Reversal of phencyclidine-induced prepulse inhibition deficits by clozapine in monkeys
- First Online:
- 175 Downloads
Prepulse inhibition (PPI) of the acoustic startle reflex is a measure of sensorimotor gating, which occurs across species and is deficient in severe neuropsychiatric disorders such as schizophrenia. In monkeys, as in rodents, phencyclidine (PCP) induces schizophrenia-like deficits in PPI. In rodents, in general, typical antipsychotics (e.g. haloperidol) reverse PPI deficits induced by dopamine (DA) agonists (e.g. apomorphine), but not those induced by N-methyl-d-aspartate (NMDA) receptor antagonists [e.g. phencyclidine (PCP)], whereas atypical antipsychotics (e.g. clozapine) reverse PPI deficits induced by DA agonists and NMDA antagonists. However, some discrepancies exist with some compounds and strains of rodents.
This study investigated whether a typical (haloperidol, 0.035 mg/kg) and an atypical (clozapine, 2.5 mg/kg) antipsychotic could be distinguished in their ability to reverse PCP-induced deficits in PPI in eight monkeys (Cebus apella).
First, haloperidol dose was determined by its ability to attenuate apomorphine-induced deficits in PPI. Then, haloperidol and clozapine were tested in eight monkeys with PCP-induced deficits of PPI. Experimental parameters were similar to standard human PPI procedures, with 115 dB white noise startle pulses, either alone or preceded by 120 ms with a prepulse 16 dB above the 70 dB background noise.
Clozapine reversed PCP-induced PPI deficits. In contrast, haloperidol did not significantly attenuate PCP-induced PPI deficits even at doses that significantly attenuated apomorphine effects.
In this primate model, clozapine was distinguishable from haloperidol by its ability to attenuate PCP-induced deficits in PPI. The results provide further evidence that PPI in nonhuman primates may provide an important animal model for the development of novel anti-schizophrenia medications.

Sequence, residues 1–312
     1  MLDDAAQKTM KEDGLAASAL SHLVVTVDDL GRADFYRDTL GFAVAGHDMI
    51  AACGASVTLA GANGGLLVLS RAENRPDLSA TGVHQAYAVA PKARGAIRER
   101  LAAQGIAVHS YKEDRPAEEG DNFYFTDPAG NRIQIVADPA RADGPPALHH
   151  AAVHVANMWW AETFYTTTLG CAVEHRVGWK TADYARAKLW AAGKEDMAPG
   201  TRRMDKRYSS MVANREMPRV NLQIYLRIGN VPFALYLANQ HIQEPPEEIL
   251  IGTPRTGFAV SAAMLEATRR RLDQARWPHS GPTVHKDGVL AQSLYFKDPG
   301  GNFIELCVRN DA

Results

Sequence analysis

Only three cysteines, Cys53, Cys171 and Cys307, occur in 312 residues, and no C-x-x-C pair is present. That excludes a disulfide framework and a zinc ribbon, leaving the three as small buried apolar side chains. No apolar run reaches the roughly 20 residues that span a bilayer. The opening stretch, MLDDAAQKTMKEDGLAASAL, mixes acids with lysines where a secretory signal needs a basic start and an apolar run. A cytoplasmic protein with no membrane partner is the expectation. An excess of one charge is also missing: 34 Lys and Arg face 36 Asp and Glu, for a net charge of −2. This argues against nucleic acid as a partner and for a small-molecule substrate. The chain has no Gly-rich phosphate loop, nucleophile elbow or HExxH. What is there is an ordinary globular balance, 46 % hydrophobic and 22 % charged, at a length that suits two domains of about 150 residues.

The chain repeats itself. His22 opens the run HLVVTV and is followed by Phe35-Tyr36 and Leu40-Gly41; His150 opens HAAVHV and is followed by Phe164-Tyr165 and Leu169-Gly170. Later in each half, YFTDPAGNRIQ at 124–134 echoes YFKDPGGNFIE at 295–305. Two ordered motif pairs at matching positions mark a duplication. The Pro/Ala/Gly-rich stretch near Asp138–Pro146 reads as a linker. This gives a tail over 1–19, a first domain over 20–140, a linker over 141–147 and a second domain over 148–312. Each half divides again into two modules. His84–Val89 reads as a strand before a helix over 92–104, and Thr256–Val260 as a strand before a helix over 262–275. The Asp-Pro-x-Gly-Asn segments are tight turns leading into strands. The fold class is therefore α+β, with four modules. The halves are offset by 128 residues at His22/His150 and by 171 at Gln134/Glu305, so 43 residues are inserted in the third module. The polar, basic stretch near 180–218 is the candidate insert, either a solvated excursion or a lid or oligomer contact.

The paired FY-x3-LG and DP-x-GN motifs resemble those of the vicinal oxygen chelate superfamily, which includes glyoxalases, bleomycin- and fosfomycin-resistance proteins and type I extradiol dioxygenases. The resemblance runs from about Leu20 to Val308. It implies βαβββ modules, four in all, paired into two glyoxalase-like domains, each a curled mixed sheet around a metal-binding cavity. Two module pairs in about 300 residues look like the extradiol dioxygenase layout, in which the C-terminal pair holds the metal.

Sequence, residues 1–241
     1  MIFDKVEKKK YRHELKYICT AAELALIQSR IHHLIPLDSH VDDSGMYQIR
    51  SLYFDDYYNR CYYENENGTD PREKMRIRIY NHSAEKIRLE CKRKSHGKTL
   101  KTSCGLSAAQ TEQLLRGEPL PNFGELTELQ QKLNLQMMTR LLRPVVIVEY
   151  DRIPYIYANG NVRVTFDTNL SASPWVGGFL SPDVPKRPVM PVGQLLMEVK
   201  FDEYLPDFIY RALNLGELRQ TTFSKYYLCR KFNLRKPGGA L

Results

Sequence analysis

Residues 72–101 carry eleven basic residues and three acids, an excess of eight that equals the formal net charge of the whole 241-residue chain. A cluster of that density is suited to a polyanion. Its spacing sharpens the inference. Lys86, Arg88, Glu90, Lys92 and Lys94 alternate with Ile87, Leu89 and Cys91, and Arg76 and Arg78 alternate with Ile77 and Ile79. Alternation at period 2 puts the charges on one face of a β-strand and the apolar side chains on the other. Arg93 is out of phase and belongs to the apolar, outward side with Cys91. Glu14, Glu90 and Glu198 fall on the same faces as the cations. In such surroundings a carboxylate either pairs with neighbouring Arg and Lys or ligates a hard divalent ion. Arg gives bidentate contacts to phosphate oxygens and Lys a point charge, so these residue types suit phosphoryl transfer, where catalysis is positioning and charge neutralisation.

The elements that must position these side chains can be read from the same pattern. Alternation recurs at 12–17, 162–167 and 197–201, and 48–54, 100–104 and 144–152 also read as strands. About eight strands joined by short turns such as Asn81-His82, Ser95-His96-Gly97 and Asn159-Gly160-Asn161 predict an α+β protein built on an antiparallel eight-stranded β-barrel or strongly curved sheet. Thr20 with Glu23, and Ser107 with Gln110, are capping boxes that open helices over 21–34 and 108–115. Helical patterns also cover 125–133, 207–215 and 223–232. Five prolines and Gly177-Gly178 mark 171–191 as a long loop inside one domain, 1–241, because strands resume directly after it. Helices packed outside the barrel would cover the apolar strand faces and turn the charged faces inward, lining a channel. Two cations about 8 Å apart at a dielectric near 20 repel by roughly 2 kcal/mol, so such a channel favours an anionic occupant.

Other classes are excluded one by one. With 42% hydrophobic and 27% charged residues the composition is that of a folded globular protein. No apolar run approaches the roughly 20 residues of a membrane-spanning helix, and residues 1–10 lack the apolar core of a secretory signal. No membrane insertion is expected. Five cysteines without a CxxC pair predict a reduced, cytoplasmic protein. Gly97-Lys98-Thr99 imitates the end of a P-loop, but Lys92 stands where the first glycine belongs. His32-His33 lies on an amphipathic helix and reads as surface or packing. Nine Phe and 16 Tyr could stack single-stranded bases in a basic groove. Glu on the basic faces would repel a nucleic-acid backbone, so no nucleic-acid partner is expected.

KeywordsApomorphine Clozapine Haloperidol NMDA receptor Non-human primate model Phencyclidine (PCP) Prepulse inhibition (PPI) Schizophrenia Neuroleptic sensitization Sensorimotor gating
- Casey DE (1988) Persisting changes in dystonia and sedation after brief neuroleptic treatment in cebus monkeys. Program of the 43rd Annual Meeting of the Society of Biological Psychiatry:371Google Scholar
- Casey DE (1993) Serotonergic and dopaminergic aspects of neuroleptic-induced extrapyramidal syndromes in nonhuman primates. Psychopharmacology 112:S55–S59Google Scholar
- Karper LP, Grillon C, Charney DS, Krystal JH (1994) The effect of ketamine on pre-pulse inhibition and attention. Proc Am Coll Neuropsychopharmacol 124Google Scholar
- Lifshitz K, O'Keeffe RT, Lee KL, Linn GS, Mase D, Avery J, Lo ES, Cooper TB (1991) Effect of extended depot fluphenazine treatment and withdrawal on social and other behaviors of Cebus apella monkeys. Psychopharmacology 105:492–500Google Scholar
- Mansbach RS, Geyer MA (1991) Parametric determinants in prestimulus modification of acoustic startle: interaction with ketamine. Psychopharmacology 105:162–168Google Scholar
- Martinez ZA, Oostwegel J, Geyer MA, Ellison GD, Swerdlow NR (2000) "Early" and "late" effects of sustained haloperidol on apomorphine- and phencyclidine-induced sensorimotor gating deficits. Neuropsychopharmacology. 23:517–527Google Scholar
- Swerdlow NR, Varty GB, Geyer MA (1997) Discrepant findings of clozapine effects on prepulse inhibition of startle: is it the route or the rat? Neuropsychopharmacology 18:50–56Google Scholar